This is the first time that this neglected rather early Rattigan play has been seen in Sydney. While it now perhaps seems rather dated and ‘of its time’ under Giles Gartrell-Mills’ excellent direction this play while at first, seemingly very artificial, superficial and slow to take off, develops and becomes quite intense and multi-layered.
Rattigan’s play, AFTER THE DANCE written in 1939, examines the life of the young people who survived World War One and lived life to the full in the hedonistic 1920s, only to find themselves now middle-aged, disillusioned and facing another World War .It is a study of a lost generation. The script is brilliantly written and the play well plotted and structured. At times the play seems a bit like a brittle Coward comedy – the audience laughed heartily at certain points at the sparking , witty dialogue – but there remains an underlying passion and morality. Rattigan is able to let the audience see the hidden sadness of these doomed fantasists.Continue reading TERRENCE RATTIGAN’S ‘AFTER THE DANCE’ @ THE NEW THEATRE NEWTOWN→
AND THEN THERE WERE NONE by Agatha Christie has been brought successfully to the stage at The Art House. Christie’s complex and intriguing narrative is directed by Pollyanna Forshaw, the play is about a diverse group of 10 people who are all lured into coming to an island. All the members have committed an act that was not subject to legal sanction or they have escaped justice. The guests are “charged” for their respective crimes and are told via a message conveyed through a gramophone speaker that they will have to pay for their actions. Nobody can escape from the island due to the distance from land and the turbulent weather.
Christie commented that adapting her novel to the stage was challenging and decided to change the ending slightly in 1943 as she felt it might be too bleak for wartime audiences. Suspense plays an important role in making this play so intriguing and 10 miniature Indian figurines are a clear representation of it. Every time someone dies, one figurine out of the original 10 disappears off the mantlepiece. This creates an atmosphere of suspense for both the audience and the interaction between the characters in the story.Continue reading AND THEN THERE WERE NONE : WYONG DRAMA GROUP PRESENTS AN AGATHIE CHRISTIE CLASSIC→
Deborah Brevoort’s play is based on the terrorist attack on December 21 1988 in which Pan Am Flight 103 exploded in mid-air, due to a time activated bomb in a suitcase, as it travelled from London to New York City. The explosion scattered pieces of the plane over Lockerbie, Scotland, and the surrounding hills, Scotland, as well as the remains of the 243 passengers and 16 crew members. Twenty-one houses on the ground were destroyed, and 11 people there lost their lives. An international conflict arose in the aftermath and eventually the Libyan leader Qaddafi extradited two suspects in 1998, one sentenced to 27 years and the other acquitted.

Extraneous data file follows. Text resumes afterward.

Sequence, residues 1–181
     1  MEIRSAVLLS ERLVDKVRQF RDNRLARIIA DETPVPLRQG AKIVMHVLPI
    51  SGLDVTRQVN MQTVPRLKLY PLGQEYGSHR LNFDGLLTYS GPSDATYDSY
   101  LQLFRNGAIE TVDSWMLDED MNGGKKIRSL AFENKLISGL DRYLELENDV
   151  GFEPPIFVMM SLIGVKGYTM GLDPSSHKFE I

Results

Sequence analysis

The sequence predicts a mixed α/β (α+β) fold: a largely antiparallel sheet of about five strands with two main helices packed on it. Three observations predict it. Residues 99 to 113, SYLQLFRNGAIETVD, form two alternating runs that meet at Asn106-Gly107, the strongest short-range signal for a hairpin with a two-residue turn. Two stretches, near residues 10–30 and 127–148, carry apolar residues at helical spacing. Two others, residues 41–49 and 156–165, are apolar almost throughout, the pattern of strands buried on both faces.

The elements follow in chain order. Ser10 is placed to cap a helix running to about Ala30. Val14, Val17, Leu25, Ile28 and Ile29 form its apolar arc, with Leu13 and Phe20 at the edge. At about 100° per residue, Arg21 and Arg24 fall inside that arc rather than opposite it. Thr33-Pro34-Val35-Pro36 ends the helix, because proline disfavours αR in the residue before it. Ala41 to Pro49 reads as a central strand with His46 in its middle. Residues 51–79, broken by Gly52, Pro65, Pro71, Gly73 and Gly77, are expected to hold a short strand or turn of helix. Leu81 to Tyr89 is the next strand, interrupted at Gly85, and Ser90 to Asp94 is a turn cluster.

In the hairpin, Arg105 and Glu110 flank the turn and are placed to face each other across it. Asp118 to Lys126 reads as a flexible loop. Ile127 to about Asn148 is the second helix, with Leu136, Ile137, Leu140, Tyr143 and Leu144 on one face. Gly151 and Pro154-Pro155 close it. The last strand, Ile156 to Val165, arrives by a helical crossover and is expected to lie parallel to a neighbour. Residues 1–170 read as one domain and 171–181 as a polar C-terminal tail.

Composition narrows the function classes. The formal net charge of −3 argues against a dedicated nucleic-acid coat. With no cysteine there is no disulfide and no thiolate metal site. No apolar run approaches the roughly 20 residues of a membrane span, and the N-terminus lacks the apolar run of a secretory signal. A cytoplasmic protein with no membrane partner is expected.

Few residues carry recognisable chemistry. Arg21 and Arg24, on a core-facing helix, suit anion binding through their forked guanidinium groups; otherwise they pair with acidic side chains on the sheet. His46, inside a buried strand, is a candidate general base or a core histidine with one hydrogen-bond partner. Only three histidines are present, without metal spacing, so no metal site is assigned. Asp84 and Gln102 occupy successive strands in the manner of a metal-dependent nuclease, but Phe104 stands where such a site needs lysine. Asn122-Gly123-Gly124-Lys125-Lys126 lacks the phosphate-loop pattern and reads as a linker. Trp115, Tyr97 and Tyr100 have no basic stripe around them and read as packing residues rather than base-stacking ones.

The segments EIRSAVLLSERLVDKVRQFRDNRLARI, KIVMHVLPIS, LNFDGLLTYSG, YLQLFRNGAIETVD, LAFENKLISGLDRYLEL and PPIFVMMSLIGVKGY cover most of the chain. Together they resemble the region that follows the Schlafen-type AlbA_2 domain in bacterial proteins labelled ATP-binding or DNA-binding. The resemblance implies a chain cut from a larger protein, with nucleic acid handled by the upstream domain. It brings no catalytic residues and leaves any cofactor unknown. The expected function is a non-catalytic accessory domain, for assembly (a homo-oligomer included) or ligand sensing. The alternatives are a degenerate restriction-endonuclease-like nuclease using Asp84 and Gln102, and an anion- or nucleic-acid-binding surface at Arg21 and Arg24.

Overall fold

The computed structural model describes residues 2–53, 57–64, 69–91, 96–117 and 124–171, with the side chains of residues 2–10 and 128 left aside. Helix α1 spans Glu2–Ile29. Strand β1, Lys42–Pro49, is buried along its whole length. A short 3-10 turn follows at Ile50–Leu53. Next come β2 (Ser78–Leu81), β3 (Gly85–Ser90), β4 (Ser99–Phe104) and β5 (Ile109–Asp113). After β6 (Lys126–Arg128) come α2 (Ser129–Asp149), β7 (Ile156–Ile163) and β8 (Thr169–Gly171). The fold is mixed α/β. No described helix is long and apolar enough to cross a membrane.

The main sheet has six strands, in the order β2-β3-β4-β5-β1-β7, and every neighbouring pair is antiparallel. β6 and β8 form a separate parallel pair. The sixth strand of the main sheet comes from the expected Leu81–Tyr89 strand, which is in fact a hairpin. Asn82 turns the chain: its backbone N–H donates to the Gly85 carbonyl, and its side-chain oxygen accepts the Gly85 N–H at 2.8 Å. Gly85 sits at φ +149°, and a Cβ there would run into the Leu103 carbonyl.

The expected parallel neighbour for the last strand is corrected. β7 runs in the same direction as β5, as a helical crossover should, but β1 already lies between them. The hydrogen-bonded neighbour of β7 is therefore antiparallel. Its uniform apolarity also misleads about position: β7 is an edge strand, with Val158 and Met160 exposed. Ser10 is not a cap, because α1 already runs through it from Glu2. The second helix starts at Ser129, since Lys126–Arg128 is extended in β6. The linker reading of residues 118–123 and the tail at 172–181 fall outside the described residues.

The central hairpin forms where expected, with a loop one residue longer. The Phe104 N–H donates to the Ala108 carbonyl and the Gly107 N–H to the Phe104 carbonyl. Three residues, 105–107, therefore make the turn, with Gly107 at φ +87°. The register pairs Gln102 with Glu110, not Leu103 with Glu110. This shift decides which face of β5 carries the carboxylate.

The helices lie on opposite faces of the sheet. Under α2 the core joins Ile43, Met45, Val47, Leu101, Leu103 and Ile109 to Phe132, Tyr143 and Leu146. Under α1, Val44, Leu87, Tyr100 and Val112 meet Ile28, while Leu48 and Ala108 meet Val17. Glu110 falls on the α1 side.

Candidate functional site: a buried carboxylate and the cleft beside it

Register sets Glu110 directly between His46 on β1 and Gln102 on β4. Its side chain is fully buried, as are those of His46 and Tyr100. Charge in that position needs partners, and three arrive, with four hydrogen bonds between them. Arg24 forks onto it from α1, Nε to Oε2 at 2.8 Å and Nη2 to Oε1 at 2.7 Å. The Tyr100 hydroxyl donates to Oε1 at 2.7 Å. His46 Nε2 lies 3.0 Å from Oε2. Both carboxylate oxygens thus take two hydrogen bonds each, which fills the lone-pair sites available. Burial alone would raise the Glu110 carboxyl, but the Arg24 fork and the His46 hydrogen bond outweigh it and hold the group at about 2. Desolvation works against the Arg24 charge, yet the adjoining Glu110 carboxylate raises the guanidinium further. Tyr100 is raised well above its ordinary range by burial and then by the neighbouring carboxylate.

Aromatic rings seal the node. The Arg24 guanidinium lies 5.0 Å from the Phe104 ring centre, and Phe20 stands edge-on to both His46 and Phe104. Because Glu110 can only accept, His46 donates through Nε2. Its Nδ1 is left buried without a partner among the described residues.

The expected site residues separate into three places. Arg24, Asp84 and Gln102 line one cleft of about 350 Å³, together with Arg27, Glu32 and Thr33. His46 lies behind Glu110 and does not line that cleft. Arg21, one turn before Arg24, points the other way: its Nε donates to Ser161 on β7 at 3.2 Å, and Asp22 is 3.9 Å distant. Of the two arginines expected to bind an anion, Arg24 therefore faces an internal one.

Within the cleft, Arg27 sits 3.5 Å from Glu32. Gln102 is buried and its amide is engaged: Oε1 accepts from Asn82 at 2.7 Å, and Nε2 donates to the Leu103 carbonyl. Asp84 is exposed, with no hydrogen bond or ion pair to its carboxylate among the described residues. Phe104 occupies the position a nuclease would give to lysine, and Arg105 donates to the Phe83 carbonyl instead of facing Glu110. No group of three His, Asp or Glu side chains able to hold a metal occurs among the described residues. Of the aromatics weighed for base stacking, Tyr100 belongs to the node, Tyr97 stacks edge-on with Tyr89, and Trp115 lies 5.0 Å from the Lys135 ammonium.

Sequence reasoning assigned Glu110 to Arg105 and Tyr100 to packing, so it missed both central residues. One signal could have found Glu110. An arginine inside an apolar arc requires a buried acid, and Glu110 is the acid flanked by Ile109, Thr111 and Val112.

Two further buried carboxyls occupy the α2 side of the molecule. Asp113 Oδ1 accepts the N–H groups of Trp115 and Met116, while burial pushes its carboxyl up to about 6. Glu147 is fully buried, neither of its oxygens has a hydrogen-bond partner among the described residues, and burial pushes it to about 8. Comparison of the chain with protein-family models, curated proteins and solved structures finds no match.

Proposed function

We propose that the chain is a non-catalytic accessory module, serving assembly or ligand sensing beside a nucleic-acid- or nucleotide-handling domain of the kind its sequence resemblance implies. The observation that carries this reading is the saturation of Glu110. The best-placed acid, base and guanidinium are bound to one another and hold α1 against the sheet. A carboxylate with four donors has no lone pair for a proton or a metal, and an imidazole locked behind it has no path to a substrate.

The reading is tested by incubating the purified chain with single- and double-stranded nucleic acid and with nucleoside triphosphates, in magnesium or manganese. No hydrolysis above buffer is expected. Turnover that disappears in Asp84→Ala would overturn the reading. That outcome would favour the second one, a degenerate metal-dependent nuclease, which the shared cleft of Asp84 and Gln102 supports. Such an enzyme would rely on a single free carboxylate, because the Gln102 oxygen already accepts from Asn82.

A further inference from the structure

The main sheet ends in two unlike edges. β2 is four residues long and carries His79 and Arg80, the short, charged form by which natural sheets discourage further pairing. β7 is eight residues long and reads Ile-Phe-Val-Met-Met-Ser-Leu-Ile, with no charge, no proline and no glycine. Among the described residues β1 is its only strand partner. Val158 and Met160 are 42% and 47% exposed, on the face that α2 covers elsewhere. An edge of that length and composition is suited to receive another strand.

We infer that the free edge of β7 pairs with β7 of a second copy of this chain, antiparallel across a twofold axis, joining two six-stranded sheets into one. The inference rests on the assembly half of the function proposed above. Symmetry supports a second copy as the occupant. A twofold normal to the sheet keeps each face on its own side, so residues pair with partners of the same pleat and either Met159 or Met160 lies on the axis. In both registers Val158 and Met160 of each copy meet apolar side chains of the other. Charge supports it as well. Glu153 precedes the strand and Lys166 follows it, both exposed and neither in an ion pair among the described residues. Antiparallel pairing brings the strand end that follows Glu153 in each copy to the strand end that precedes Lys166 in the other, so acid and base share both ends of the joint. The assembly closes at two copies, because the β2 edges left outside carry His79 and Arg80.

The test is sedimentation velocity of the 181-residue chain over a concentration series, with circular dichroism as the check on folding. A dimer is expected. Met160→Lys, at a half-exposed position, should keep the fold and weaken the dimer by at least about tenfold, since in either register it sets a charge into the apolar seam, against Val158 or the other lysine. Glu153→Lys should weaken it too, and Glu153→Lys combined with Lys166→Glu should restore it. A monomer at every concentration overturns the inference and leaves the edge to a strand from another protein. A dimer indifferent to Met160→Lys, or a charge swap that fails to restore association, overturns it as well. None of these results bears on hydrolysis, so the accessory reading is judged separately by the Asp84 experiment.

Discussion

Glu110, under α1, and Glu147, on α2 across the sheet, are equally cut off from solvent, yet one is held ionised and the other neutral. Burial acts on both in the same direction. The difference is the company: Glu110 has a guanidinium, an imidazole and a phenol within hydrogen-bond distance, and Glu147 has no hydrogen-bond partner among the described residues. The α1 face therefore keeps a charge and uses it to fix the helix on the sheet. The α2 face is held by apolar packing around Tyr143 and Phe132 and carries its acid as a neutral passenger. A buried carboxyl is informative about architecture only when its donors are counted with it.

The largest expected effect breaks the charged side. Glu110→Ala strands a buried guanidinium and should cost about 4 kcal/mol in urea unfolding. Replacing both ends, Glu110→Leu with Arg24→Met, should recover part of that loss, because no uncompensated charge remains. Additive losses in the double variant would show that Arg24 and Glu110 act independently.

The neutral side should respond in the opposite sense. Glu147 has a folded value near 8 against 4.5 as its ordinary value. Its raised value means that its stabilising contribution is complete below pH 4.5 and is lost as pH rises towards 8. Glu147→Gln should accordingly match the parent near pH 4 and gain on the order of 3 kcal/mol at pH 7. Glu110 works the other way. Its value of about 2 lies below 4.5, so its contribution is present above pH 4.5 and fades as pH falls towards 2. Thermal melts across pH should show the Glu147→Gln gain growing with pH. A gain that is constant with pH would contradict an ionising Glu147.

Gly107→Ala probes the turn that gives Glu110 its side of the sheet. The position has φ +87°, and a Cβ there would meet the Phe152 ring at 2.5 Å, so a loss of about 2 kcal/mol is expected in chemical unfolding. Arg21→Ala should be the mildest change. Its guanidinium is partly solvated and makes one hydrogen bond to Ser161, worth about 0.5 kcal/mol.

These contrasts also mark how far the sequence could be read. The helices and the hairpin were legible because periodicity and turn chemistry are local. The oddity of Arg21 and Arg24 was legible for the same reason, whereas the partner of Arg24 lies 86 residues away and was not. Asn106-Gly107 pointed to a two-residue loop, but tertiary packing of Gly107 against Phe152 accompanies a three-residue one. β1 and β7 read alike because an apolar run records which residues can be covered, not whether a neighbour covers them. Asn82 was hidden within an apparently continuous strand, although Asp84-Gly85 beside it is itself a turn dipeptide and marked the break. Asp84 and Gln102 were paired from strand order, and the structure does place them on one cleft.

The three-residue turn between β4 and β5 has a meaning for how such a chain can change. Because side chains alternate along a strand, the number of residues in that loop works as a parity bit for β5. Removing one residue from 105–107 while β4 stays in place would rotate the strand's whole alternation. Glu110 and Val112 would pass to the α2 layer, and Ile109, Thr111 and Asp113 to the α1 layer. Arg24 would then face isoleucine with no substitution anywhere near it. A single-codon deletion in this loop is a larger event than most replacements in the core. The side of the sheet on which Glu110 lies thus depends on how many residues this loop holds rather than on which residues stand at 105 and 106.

THE WOMEN OF LOCKERBIE is a poetic drama, in the form of a Greek tragedy, takes place on a hillside near Lockerbie seven year after the attack as a woman roams searching for the remains of her son. It is a moving and intimate portrayal of the effects of grief. As one of the women say, grief is a guest who remains too long, and the characters must come to terms with loss and decide whether the desire for justice and hate should rule their lives or whether they can somehow turn these feelings around to a more compassionate approach.
Madelaine Livingston, played by Kim Schad, is a New Jersey housewife who lost her son but whose body was never found. Grief has been all consuming in her life as she cannot find closure and it is destroying her marriage to Bill Livingston, played by Stephen Snars. These people portray their loss in very different ways but cannot connect and support each other.
They meet Olive Allison, played by Michelle Masefield, a woman of Lockerbie with her own tragic story. Ollie and two women, played by Rebecca Fletcher and Anne Geenen, form the “chorus” and offer a special kind of grief counselling, telling their own tragic stories about that awful day when the plane crashed quite literally on their houses.
Directed by Bernard Teuben this is a dark and emotional journey set with very subdued lighting and traditional Scottish music. A touch of humour to lighten the atmosphere is found in the character of Hattie, played by Penny Johnson, who is a cleaning lady working for George Jones.
George Jones, played by Larry Murphy, is a US Government official whose job it is to burn the clothes of the victims found in the plane’s wreckage. The women, determined to convert an act of hatred into an act of love, want to wash the clothes of the dead and return them to the victim’s families in a symbolic act of cleansing.
This is a sentimental and touching production and very much resonates today when acts of terrorism proliferate. The play asks how do we respond?
THE WOMEN OF LOCKERBIE is playing till the 12th August. Performance times are Wednesday’s, Friday’s and Saturday’s at 8.15pm and Sundays at 4.30pm at the Pavilion Theatre. Castle Hill.
The Genesian Theatre Company, responding to the 200th anniversary of Jane Austen’s death, is currently presenting a production of Austen’s classic novel EMMA with the stage adaptation by its very own Pamela Whalan.
EMMA tells the story of the mischievous Emma Woodhouse, a spirited, independent young woman who has no plans to marry. She does, however, spend a lot of her time matchmaking others! In the end, she herself falls into the most tender of traps.